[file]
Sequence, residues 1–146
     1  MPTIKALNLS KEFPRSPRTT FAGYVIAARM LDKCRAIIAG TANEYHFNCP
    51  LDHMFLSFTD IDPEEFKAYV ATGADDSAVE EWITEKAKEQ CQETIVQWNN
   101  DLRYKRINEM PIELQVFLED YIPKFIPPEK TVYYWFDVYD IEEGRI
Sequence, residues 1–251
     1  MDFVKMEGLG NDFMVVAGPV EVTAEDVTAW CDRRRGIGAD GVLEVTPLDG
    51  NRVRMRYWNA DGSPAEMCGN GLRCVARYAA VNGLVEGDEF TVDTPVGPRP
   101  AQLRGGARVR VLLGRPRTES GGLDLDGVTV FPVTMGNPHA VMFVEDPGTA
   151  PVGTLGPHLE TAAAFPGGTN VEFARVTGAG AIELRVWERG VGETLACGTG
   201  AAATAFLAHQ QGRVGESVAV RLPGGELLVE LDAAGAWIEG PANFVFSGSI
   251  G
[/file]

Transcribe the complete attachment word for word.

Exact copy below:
Sequence, residues 1–146
     1  MPTIKALNLS KEFPRSPRTT FAGYVIAARM LDKCRAIIAG TANEYHFNCP
    51  LDHMFLSFTD IDPEEFKAYV ATGADDSAVE EWITEKAKEQ CQETIVQWNN
   101  DLRYKRINEM PIELQVFLED YIPKFIPPEK TVYYWFDVYD IEEGRI
Sequence, residues 1–251
     1  MDFVKMEGLG NDFMVVAGPV EVTAEDVTAW CDRRRGIGAD GVLEVTPLDG
    51  NRVRMRYWNA DGSPAEMCGN GLRCVARYAA VNGLVEGDEF TVDTPVGPRP
   101  AQLRGGARVR VLLGRPRTES GGLDLDGVTV FPVTMGNPHA VMFVEDPGTA
   151  PVGTLGPHLE TAAAFPGGTN VEFARVTGAG AIELRVWERG VGETLACGTG
   201  AAATAFLAHQ QGRVGESVAV RLPGGELLVE LDAAGAWIEG PANFVFSGSI
   251  G